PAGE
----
Giovanni Francesco Barbieri - Saint Paul Pauline Epistles

Guercino’s Saint Paul (sixteenth century). While Paul’s conversion on the Damascus Road has been a popular image for artists, along with the apostle standing with a sword, a number of painters chose to show the theologian at work reading and writing the Pauline Epistles, portraying Paul as a thinker and even poet just as much as a saint.

The most obvious of these is that Paul was carting Christianity out into an expansive and foreign world – a world content with its ancient and variegated regional polytheisms that was largely apathetic about the latest cult religion to come out of the east. Scholar Margaret MacDonald mentions “The growing awareness of the need to understand [New Testament] groups in the light of the context of Greco-Roman society.”7 This need may be a bit more glaringly obvious to us, as in this podcast we’ve spent over a hundred hours learning about Archaic, Classical, and Hellenistic Greece, and Rome, from its first literary productions in the 260s BCE all the way down to the Meditations of Marcus Aurelius in the 160s CE. Coming from where we have come, both in terms of classical antiquity as well as Jewish religious history, we have no illusions that Paul was bringing his teachings to an inert and uncluttered world. 1 Thessalonians tells us the extent to which this wasn’t the case – as the Emperor Claudius celebrated his tenth year on the throne, Paul’s little Christian community in Thessalonica weathered the general suspicion and unfriendliness of pagan and Jewish communities alike.

Paul, though once again not keen on setting up a huge new rules list, still peppers his letters with dos and don’ts from time to time. Paul writes in Romans, “Let every person be subject to the governing authorities; for there is no authority except from God, and those authorities that exist have been instituted by God” (Rom 13.1). Though this morsel of advice had a specific historical incentive – preventing the Roman Jews of the 50s CE from a possibly disastrous uprising – it is consonant with Christ’s teachings in the Gospels.8 Jesus, in Matthew, Mark, and Luke, advises, “Give. . .to the emperor the things that are the emperor’s, and to God the things that are God’s” (Matt 22:21, Mark 12:17, Luke 20:26), and in both of these cases, the New Testament recommends keeping one’s head down beneath the might of Rome’s officials.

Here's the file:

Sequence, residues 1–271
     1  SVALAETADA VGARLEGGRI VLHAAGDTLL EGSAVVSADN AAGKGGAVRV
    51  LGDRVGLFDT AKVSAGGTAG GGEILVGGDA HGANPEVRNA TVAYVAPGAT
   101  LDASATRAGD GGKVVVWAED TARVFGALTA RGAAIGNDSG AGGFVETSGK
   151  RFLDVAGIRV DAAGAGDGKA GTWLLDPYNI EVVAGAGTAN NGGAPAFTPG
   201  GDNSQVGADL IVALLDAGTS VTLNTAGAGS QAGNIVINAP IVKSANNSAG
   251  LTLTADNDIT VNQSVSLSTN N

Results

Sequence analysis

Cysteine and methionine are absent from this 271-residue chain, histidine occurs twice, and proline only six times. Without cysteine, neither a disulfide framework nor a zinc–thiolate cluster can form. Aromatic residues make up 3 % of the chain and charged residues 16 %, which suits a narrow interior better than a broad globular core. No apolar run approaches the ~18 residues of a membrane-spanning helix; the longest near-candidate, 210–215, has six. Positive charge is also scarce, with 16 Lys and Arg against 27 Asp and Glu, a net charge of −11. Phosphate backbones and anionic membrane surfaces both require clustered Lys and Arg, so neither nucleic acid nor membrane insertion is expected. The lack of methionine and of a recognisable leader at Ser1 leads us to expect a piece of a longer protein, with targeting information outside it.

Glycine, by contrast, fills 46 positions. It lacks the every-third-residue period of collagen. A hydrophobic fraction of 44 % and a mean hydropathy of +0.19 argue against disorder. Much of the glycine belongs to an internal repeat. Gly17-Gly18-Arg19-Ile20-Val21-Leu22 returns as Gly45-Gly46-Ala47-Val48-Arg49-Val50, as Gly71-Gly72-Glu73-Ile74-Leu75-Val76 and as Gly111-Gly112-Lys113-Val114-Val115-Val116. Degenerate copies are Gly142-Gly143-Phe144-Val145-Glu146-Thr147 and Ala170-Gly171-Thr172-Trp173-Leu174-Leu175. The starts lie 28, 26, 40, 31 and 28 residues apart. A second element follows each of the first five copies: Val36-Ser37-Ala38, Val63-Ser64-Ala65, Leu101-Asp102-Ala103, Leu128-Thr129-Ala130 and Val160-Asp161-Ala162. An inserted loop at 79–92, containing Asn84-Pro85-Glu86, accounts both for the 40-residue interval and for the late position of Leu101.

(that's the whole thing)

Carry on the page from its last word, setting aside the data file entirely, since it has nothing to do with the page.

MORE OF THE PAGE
So, what we’ve covered so far is fairly obvious stuff. Christianity emerged into a dynamic world that was at best indifferent toward the new religion, and Christ and Paul alike cautioned their flocks to stay in line, since so many Roman wolves raged beyond the sheepfolds. To move us toward some of the subtler aspects of the Pauline Epistles, we need to recollect some basic facts about Paul. Paul, once called Saul, was the son of a tentmaker, born in the southern Anatolian city of Tarsus in a very religious Jewish community. Earlier, in 2 Corinthians, we heard the extent to which Paul identified as a Jew even when ministering to Gentiles – he tells them in this letter that he is a Hebrew, an Israelite, and a son of Abraham. Paul reminds an assembly of hostile Jews in Jerusalem in the Book of Acts, perhaps with anger and emotion in his voice, speaking Hebrew, that in spite of all of his work with Gentiles, that he has nonetheless been “educated strictly according to our ancestral law, being zealous for God, just as all of you are today. I persecuted [Christians] up to the point of death by binding both men and women and putting them in prison” (Acts 22:3-4).

Readers of the New Testament are generally familiar with these aspects of Paul’s background, and there’s little mystery about it. To get a little deeper into the theology of the Pauline epistles, we need to consider the following – what we might call conundrum at the heart of Paul’s thinking. Simply put, though Paul was ready to allow Gentile converts to set aside the hundreds of law codes in the Old Testament, Paul’s background as a Pharisee – that especially scrupulous and legalistic sect of Second Temple Judaism – Paul’s background sometimes blinded him to the fact that Gentile converts needed at least some kind of regulatory ethical framework, lest they create very divergent strands of Christianity and populations that looked nothing like the initial Jewish Christians of the Apostolic generation. In other words, Paul, in passages we’ll soon look at, dismisses Jewish law codes again and again, telling his Gentile converts that they don’t need to be circumcised, or follow dietary regulations, or sacrifice anything. But he seems to forget that a total lack of regulations might well encourage Gentile converts to practice something like a pagan Christianity – believing in salvation through Jesus Christ but at the same time sacrificing to other gods and honoring their holidays, engaging in bisexual practices, caring naught for marital fidelity, wrestling nude in public gymnasiums, and in all other ways looking nothing like the Jewish Christian community that Paul had envisioned without really realizing the extent of his own Jewish cultural assumptions. As scholar Craig Hill puts it, “In practice, what Paul expects of his converts is a fairly typical Jewish morality, which he can assume for himself but which comes less naturally to his Gentile associates. Consequently, Paul is put in the awkward position of legislating rules of behavior ad hoc, since he no longer has the law to draw on for authorization. Therefore, he is forced, in effect, to reinstitute Jewish laws with Christian warrants.”9